RAID 10 is a popular RAID level that provides both high performance and data redundancy by combining the best of RAID 0 and RAID 1 configurations. In this tutorial, we will guide you through the process of how to create a RAID 10 setup on OpenSUSE.
Before we begin, make sure you have:
- A fresh installation of OpenSUSE.
- Four hard drives with equal capacity.
- Root access to your OpenSUSE system.
If you need help with any of these steps, you may refer to the following resources:
How to Create RAID 10 on OpenSUSE
Install Required Packages
First, update your system packages by running the following command:
Next, install the mdadm package, which is a necessary tool for managing RAID arrays:
zypper install mdadm
Create Partitions on Each Drive
In this step, you will create a new partition on each of the four hard drives. You can use the
fdisk tool to do this. First, identify your drives using the following command:
Assuming your drives are named
sde, run the following commands to create a new partition on each drive:
fdisk /dev/sdb fdisk /dev/sdc fdisk /dev/sdd fdisk /dev/sde
After running each command, follow these steps:
nto create a new partition.
pto choose a primary partition.
1to create the first partition.
Entertwice to accept the default values for the first and last sectors.
tto change the partition’s system ID.
fdto set the partition type to Linux RAID autodetect.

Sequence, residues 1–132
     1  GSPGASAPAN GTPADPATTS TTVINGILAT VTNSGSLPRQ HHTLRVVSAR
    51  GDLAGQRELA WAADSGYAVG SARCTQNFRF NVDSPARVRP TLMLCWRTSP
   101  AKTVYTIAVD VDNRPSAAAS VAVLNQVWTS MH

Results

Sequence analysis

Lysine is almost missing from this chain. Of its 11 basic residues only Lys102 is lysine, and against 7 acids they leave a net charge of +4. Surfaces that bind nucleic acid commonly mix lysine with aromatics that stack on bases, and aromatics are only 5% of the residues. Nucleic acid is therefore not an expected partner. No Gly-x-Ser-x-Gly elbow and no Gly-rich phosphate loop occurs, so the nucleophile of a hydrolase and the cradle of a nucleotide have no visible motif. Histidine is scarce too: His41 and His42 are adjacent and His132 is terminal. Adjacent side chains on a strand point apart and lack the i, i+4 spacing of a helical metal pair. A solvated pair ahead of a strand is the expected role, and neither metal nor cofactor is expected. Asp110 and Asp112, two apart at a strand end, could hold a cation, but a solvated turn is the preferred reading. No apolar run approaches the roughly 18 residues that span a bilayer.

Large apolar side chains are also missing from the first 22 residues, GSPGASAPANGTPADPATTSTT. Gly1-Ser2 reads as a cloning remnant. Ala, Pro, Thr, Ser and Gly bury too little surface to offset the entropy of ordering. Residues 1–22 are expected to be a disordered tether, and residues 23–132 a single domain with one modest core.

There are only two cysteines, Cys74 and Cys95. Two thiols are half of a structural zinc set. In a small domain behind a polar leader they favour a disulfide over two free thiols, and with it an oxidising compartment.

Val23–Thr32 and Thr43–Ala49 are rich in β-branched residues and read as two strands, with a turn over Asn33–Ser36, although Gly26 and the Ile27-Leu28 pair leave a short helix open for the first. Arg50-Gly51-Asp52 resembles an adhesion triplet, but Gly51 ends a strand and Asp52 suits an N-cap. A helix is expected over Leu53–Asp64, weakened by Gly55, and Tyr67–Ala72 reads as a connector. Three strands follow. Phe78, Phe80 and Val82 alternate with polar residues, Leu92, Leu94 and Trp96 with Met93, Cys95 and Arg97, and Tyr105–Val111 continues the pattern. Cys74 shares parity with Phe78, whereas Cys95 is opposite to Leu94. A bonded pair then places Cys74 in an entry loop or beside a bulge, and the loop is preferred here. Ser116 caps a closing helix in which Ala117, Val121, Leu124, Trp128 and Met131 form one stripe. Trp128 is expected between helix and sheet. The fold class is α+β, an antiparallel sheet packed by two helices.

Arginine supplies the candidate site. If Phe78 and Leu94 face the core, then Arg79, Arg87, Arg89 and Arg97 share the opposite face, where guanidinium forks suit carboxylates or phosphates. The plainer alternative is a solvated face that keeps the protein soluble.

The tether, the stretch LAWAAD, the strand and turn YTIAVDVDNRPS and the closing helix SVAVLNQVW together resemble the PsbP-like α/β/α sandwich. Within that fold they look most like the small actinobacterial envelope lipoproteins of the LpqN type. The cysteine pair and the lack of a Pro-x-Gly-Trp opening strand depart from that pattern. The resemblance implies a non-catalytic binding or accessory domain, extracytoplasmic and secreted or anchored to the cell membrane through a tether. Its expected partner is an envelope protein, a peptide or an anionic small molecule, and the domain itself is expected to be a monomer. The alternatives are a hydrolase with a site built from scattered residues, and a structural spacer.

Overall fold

wto write the changes and exit.
Create RAID 10 Array on OpenSUSE
Now that you have created the necessary partitions, you can create the RAID 10 array using the
mdadm --create /dev/md0 --level=10 --raid-devices=4 /dev/sdb1 /dev/sdc1 /dev/sdd1 /dev/sde1
This command creates a new RAID 10 array (
/dev/md0) using the four partitions you created earlier. You can check the progress of the RAID creation by running:
Create a Filesystem on the RAID Array
Once the RAID 10 array is created, you can create a filesystem on it. In this tutorial, we will create an ext4 filesystem:
Mount the RAID Array
Now that you have created a filesystem on the RAID 10 array, you can mount it. First, create a directory where you want to mount the RAID array:
Then, mount the RAID array:
mount /dev/md0 /mnt/raid10
This command mounts the RAID 10 array (
/dev/md0) to the
Update /etc/fstab to Automount RAID Array
To ensure that the RAID array is mounted automatically at boot, update the
/etc/fstab file. First, obtain the UUID of the RAID array by running:
Copy the UUID value and open the
/etc/fstab file using your preferred text editor:
Add the following line at the end of the file, replacing
UUID_VALUE with the UUID you copied earlier:
UUID=UUID_VALUE /mnt/raid10 ext4 defaults 0 0
Save the file and exit the text editor.
Verify RAID Array Status
You can verify the status of your RAID 10 array by running the following command:
mdadm --detail /dev/md0
This command will display detailed information about the RAID 10 array, including the status of each drive and any potential issues.
Congratulations! You have successfully created a RAID 10 array on OpenSUSE. For more tutorials on managing your OpenSUSE system, check out the following articles:
- How to Install Apache on OpenSUSE
- How to Install PostgreSQL on OpenSUSE
- How to Install KVM Virtualization on OpenSUSE
If you encounter any issues or need help with other RAID configurations, feel free to explore our other RAID setup guides: